reload

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reload

(1) To load a program from disk into memory once again in order to run it. Every time users launch an application, they are reloading it.

Contrast with "re-install." Re-install means performing the installation procedure over again from a CD or the Web. Reloading is common when the program crashes. Re-installing is much less common but necessary if program files have become unreadable due to damaged sectors on the disk or because files were accidentally erased or corrupted. This can also happen due to program error, in which the program erroneously writes incorrect data to some of its own configuration files.

(2) To download the Web page on screen once again to see if it has changed since the last time it was downloaded. See refresh.
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References in classic literature ?
Fortunately, deceived by D'Artagnan's trick, they neglected to reload their guns.
It became evident to him that if he did not go into politics at once, he would be hanged as an assassin and accordingly, and without a word to the women, he went down to the village public-house he had passed an hour before on his way to Edna, entered it from the rear, and confronted the little band of ambiguous roughs, who were drinking in the tap-room and discussing matrimony and Bill's affection in a facetious but envious manner, with a casually held but carefully reloaded revolver, and an invitation to join what he called, I regret to say, a "Vigilance Committee" under his direction.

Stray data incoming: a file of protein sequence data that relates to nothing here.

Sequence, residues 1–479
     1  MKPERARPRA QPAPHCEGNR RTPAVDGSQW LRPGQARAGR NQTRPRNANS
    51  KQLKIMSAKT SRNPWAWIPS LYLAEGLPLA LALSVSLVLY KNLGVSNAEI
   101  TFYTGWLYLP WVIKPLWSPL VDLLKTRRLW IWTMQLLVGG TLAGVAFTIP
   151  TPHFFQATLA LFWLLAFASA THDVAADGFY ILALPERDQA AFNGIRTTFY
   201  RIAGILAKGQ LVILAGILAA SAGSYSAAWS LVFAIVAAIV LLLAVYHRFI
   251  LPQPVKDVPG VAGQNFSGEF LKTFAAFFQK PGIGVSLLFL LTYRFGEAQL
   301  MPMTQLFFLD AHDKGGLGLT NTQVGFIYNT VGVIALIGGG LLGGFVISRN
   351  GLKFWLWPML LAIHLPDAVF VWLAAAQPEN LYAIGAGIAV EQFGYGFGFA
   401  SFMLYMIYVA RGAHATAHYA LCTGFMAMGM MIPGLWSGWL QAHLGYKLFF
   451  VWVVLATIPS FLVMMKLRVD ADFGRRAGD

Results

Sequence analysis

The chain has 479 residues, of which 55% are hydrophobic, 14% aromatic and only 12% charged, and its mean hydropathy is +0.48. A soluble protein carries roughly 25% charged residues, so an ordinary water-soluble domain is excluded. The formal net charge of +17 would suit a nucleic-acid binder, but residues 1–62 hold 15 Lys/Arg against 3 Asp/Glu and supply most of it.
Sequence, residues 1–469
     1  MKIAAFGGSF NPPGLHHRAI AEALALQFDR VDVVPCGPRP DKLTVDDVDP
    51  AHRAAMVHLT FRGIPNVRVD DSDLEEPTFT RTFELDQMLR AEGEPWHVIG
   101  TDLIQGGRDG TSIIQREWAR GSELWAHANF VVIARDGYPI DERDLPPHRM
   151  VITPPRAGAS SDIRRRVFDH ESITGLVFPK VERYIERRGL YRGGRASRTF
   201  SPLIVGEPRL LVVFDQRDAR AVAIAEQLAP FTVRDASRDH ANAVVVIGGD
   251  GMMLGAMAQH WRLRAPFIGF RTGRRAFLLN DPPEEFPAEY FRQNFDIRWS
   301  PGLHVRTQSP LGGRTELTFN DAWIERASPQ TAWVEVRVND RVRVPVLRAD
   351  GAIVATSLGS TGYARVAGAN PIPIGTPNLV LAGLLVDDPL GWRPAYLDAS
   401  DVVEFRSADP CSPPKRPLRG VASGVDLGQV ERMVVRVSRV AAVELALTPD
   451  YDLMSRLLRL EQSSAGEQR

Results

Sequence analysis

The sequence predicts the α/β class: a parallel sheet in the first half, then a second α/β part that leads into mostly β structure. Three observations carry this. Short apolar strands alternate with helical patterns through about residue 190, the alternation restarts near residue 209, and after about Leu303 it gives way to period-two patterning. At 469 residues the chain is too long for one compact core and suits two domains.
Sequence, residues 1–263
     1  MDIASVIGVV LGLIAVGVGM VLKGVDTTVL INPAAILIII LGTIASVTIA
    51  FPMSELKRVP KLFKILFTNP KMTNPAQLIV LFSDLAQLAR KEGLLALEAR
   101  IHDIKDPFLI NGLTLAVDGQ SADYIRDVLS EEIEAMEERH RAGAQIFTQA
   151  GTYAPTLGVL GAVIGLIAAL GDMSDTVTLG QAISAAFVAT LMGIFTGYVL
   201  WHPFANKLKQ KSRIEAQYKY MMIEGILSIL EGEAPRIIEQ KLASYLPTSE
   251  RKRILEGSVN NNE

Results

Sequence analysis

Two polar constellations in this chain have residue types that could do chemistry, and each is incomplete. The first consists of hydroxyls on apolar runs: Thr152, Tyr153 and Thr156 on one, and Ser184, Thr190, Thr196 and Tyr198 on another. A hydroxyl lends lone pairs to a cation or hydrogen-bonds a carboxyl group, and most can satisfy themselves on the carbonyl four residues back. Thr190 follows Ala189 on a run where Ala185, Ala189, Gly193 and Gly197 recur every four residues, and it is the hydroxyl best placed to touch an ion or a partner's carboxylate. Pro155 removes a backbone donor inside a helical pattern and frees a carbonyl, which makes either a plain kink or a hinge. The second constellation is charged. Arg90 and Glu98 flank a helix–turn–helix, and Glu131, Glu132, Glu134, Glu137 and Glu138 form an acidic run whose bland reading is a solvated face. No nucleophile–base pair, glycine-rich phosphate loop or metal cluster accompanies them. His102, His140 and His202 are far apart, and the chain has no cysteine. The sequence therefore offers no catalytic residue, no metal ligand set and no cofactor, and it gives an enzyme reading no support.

Finding that the enemy had the advantage of the ground, the whites stopped short when within five hundred yards of them, and discharged and reloaded their pieces.
The French guns were hastily reloaded. The infantry in their blue uniforms advanced toward the bridge at a run.
One of the guys who lost an eye was shooting someone else's reloads even after that person bragged to him that he had blown up four guns already!
If you were truly alert to what's going on in reloading, you'd know that there's lab-proven data for all sorts of 12- and 20-gauge reloads in the extra-light category.
Currently, one federal agency is training its people to position their pistols vertically in front of their faces when doing reloads. This is taking the "look your mag into the gun" technique to what I feel is an unnecessary extreme.
I enjoyed Steve Gash's "G&A Reloads" column on the .25 ACP, but as small as the case is, it can be bent a little and chambered in a different gun for some interesting performance gains.
Several authorities suggest a pistol case is good for five or six reloads, yet I have GI .45 ACP cases I've been using off and on since the 1960s.
As the monetary budget expands, which normally happens for most of us, especially once the kids have grown and gone, Hornady offers a companion Lock-N-Load progressive press that allows a greater volume of reloads in a shorter period of time.
When I went through my first police firearms instructor school, more than 30 years ago, we were all told reloads were OK for training if the department's budget wouldn't accommodate enough factory but that we should never authorize handloads for the street.
In the August/September 2004 issue of HANDGUNS, veteran writer and trainer Chuck Taylor wrote an excellent article entitled "Tactical Training Tips." In this article he questioned how much training time should be spent on pistol reloads. In regard to the tactical reload, Taylor described the procedure in detail and then stated, "Sounds perfectly logical, right?